10-20 goldbeating nanoparticles

[Image above] a) Schematic showing the compression of a monolayer surface assembly of gold nanoparticles on a silicon substrate. SEM images of as-assembled large gold nanospheres b) before and c) after compression. Scale bars are 500 nm. Atomic force microscopy height maps of d) as-assembled and e) compressed gold nanosphere morphology. Credit: Tanjil et al., PNAS Nexus (CC BY 4.0)

By Laurel Sheppard

Sometimes looking back is the key to moving forward in modern science. For example, you can thank numerous advances in cementitious material design to insights gleaned from analysis of ancient Roman concrete.

In a recent open-access paper, researchers looked to the age-old craft of goldbeating to advance a new frontier for nanomaterial fabrication.

Goldbeating is a technique pioneered by ancient Egyptian artisans more than five millennia ago to turn bulk gold into gossamer-like leaves. In this process, gold ingots (blocks) are pounded into thin leaf form until a desired thickness is reached.

During Egyptian times, the thinness of the gold leaf used to decorate famous tombs, such as ones in the Valley of the Kings and at Saqqara, approached about 300 nm. But today, modern mechanized goldbeating methods allow for golf leaf to be produced with a thickness of only about 100 nm.

To achieve gold thin films of single-digit nanometer thickness, researchers today typically use bottom-up solution-based techniques, such as electrochemical deposition and atomic layer deposition. But because of gold’s malleability, “is it possible to goldbeat down to the few or even single-digit nanometer regime?” the authors of the recent paper ask.

The authors come from the University of South Florida, the University of Illinois at Urbana-Champaign, and Clemson University. They acknowledge that some top-down, solid-state techniques have been explored for fabricating gold thin films. But these approaches mainly entailed lithographic patterning methods, which have resolution, scalability, and crystallinity limitations.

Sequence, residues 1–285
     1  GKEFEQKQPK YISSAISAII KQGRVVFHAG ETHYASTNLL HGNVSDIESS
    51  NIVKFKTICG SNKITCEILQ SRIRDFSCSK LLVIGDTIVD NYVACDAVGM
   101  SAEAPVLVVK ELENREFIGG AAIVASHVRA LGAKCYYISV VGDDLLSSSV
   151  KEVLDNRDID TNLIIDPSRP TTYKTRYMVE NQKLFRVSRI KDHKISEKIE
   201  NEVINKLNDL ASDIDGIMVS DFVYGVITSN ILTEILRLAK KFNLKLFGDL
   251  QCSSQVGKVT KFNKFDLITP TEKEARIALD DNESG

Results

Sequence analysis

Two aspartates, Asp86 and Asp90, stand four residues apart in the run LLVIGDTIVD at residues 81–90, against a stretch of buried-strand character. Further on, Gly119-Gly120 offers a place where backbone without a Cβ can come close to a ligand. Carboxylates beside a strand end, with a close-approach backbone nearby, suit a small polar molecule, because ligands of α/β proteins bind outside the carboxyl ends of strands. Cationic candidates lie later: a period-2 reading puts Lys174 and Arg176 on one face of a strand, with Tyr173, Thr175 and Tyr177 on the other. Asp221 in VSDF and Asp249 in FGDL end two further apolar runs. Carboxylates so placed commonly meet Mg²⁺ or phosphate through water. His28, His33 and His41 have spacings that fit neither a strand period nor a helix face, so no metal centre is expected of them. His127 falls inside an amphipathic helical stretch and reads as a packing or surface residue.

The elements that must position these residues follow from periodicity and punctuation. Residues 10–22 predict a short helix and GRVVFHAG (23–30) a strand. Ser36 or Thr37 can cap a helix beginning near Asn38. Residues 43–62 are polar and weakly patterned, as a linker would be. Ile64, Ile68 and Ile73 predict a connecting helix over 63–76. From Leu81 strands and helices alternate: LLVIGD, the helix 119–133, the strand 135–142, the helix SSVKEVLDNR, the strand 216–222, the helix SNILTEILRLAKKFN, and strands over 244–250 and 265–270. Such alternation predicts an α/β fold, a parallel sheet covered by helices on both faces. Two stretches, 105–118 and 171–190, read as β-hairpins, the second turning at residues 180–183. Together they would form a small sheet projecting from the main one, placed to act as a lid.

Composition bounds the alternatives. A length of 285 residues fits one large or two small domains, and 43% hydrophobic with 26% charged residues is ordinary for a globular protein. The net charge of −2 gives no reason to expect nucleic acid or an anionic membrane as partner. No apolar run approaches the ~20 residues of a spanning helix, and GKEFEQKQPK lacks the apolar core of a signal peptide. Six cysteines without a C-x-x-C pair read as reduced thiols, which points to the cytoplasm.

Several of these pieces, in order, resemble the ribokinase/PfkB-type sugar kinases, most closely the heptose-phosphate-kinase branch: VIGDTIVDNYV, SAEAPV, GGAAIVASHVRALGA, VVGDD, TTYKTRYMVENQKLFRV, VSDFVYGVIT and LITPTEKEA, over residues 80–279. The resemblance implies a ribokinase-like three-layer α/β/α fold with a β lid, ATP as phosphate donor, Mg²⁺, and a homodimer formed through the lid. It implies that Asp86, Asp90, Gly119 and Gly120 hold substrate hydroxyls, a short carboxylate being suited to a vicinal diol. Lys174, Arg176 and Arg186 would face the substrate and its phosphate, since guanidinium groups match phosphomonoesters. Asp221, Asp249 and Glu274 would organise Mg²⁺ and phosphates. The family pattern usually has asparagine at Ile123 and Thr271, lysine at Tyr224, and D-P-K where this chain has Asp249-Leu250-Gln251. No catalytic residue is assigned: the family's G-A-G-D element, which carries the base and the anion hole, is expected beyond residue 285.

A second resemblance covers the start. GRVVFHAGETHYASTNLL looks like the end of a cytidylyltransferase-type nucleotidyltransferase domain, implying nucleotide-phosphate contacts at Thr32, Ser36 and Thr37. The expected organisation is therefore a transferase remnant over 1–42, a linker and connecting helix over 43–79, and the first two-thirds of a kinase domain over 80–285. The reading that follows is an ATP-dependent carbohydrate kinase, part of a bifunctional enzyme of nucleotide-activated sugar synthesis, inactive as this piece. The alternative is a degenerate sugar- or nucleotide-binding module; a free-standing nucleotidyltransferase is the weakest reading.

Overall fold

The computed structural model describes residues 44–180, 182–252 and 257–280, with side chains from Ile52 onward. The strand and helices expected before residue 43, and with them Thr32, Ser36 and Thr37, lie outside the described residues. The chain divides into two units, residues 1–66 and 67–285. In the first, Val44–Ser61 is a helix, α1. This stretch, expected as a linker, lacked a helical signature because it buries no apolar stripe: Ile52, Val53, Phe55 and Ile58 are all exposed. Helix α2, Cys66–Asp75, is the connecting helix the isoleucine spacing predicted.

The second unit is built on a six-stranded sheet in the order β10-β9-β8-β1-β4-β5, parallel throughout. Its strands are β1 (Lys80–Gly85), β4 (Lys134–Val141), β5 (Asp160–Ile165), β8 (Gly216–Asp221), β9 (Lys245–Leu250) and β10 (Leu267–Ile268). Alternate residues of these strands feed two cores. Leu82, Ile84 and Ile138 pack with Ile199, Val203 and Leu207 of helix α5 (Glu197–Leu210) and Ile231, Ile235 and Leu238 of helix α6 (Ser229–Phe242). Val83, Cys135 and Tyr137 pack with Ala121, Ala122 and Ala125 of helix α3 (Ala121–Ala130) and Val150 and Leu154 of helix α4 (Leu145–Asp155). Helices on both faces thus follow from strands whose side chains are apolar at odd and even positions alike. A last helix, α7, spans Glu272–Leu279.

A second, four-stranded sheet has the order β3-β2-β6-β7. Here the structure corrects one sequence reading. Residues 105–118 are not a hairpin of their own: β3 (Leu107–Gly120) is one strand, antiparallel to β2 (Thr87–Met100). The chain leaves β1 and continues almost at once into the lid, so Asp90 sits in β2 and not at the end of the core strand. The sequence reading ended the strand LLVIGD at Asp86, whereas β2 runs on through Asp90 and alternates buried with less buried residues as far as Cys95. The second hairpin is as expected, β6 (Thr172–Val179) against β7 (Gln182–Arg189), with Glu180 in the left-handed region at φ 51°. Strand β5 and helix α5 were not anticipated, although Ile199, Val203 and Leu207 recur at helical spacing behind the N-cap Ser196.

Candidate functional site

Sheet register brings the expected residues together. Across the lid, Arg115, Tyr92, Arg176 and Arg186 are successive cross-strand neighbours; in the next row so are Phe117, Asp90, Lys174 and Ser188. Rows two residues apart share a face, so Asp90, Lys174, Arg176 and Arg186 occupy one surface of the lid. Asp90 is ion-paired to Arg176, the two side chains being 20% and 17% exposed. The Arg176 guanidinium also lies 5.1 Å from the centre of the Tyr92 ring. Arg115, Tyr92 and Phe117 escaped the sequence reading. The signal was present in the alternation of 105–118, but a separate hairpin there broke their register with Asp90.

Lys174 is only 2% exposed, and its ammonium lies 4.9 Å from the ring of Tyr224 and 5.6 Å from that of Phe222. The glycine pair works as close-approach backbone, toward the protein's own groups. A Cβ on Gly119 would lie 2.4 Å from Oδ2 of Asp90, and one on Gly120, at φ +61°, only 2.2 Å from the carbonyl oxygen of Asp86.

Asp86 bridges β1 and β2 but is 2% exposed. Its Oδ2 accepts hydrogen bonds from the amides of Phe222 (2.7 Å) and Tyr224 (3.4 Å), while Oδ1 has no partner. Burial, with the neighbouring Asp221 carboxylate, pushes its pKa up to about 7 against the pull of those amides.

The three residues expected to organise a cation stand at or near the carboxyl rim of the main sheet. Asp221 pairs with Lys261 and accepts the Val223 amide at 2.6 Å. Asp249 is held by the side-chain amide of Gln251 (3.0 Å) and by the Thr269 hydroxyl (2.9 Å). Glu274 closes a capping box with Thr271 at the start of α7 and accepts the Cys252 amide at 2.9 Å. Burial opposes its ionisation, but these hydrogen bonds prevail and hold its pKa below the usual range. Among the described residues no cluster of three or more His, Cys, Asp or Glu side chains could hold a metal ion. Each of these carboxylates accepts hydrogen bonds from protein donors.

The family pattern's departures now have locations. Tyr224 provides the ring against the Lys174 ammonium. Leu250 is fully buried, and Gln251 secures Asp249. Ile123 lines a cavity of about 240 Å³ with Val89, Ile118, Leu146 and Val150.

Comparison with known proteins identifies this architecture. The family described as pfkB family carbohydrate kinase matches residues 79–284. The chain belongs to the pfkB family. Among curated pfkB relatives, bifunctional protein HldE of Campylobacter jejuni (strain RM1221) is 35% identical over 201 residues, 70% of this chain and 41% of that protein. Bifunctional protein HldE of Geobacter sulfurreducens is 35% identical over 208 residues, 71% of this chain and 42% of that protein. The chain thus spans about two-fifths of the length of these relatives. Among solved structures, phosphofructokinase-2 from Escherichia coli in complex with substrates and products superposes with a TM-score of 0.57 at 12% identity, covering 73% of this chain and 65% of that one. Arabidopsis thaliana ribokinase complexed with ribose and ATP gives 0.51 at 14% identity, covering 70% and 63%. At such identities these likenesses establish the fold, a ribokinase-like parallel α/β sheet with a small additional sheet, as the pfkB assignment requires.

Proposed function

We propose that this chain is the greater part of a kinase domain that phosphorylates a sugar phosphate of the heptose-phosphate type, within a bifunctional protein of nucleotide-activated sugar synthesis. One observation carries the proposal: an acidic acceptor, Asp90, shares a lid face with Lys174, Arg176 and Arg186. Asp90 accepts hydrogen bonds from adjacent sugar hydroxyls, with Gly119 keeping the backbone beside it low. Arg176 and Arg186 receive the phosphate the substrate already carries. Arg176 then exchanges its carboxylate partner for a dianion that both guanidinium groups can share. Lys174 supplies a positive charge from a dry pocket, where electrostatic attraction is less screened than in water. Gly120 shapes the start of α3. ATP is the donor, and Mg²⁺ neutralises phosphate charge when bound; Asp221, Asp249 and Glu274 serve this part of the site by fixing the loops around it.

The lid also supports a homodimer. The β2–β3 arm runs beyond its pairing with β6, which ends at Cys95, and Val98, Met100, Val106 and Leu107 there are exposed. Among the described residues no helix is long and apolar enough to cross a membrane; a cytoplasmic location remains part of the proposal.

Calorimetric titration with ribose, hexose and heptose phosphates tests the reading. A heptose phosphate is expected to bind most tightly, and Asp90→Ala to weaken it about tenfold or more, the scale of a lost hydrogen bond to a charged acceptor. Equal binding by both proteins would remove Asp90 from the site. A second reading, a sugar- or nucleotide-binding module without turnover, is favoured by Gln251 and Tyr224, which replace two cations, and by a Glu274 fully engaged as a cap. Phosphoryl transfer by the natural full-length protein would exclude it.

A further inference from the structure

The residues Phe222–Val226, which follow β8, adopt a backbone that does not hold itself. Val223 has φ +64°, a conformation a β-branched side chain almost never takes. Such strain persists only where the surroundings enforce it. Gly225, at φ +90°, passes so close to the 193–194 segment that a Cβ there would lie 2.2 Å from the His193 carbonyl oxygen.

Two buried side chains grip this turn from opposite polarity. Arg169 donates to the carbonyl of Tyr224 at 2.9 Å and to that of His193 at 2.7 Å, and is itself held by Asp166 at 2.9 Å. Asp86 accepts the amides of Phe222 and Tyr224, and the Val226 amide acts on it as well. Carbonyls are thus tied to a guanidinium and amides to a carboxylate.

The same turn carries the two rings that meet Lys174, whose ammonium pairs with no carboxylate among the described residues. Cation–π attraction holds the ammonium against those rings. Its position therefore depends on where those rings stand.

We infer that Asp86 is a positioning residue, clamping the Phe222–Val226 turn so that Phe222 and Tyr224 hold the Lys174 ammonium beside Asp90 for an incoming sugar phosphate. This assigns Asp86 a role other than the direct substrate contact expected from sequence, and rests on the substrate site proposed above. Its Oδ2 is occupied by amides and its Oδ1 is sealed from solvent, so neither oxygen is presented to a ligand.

For their mechanical-based strategy, the researchers colloidally synthesized 0D nanospheres and 1D gold nanorods. The term 0D means every dimension of the material (length, width, height) is less than 100 nm, while 1D means one of the dimensions is greater than 100 nm. A hydrophilic polymer called methoxy polyethylene glycol thiol was used as a capping agent to stabilize the colloidal solution and reduce agglomeration.

The colloidal solutions of nanospheres and nanorods were drop-casted and assembled in (sub)monolayers onto polished silicon substrates. They were then subjected to solid-state, uniaxial compression.

The compression successfully transformed the nanospheres and nanorods into 2D gold leaf-like morphologies. The exact morphology depended on the material’s original shape, size, and particle arrangement prior to compression. However, all exhibited significant plastic deformation under about 3.6 GPa applied uniaxial normalized compressive stress.

Classical molecular dynamics simulations were used to provide further insight into the atomistic deformation mechanisms. For example, the researchers determined that during compression, elastic deformation is followed by a plastic deformation regime, in which dislocations form at the contact interfaces and then propagate through multiple possible slip planes within the material.

As-assembled nanospheres with small (18.8 nm), medium (51.6 nm), and large (83.6 nm) diameters experienced vertical out-of-plane z-strains of about 38%, 57%, and 56%, respectively. This strain correlated to reduced thicknesses for the small (11.6 nm), medium (22.1 nm), and large (37.0 nm) nanospheres. Based on these observations, the researchers determined that the smaller nanospheres appear to be relatively less compressible.

Interparticle separation also played a significant role in the final morphology. Materials with larger interparticle separations required almost twice the applied compressive stress to achieve the same thin 2D morphology as materials with smaller interparticle separations.

The researchers note that the interparticle separation value can be changed by, for example, modifying the colloidal concentration and/or solution volume and by attaching capping polymers of different lengths.

Ultimately, the researchers conclude that their nanoscale goldbeating technique revealed itself to be a versatile technique, and they believe it is generalizable to other metallic, polymeric, or ceramic nanoparticles.

“As we share our findings with the scientific community, we eagerly anticipate advancing our understanding of nanoscale metallic deformation and unveiling new science,” says first author Md Rubayat-E Tanjil, doctoral candidate in mechanical engineering at the University of South Florida, in a press release.

The open-access paper, published in PNAS Nexus, is “Nanoscale goldbeating: Solid-state transformation of 0D and 1D gold nanoparticles to anisotropic 2D morphologies” (DOI: 10.1093/pnasnexus/pgad267).